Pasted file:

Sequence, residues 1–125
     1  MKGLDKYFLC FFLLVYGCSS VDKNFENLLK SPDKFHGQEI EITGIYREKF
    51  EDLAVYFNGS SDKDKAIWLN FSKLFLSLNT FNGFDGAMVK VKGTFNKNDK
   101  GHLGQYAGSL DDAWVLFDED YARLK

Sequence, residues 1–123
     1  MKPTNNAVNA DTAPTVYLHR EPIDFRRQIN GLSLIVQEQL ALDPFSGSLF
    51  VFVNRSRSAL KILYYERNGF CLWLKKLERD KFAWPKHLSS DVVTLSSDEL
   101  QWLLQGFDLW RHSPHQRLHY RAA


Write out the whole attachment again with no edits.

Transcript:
Sequence, residues 1–125
     1  MKGLDKYFLC FFLLVYGCSS VDKNFENLLK SPDKFHGQEI EITGIYREKF
    51  EDLAVYFNGS SDKDKAIWLN FSKLFLSLNT FNGFDGAMVK VKGTFNKNDK
   101  GHLGQYAGSL DDAWVLFDED YARLK

Sequence, residues 1–123
     1  MKPTNNAVNA DTAPTVYLHR EPIDFRRQIN GLSLIVQEQL ALDPFSGSLF
    51  VFVNRSRSAL KILYYERNGF CLWLKKLERD KFAWPKHLSS DVVTLSSDEL
   101  QWLLQGFDLW RHSPHQRLHY RAA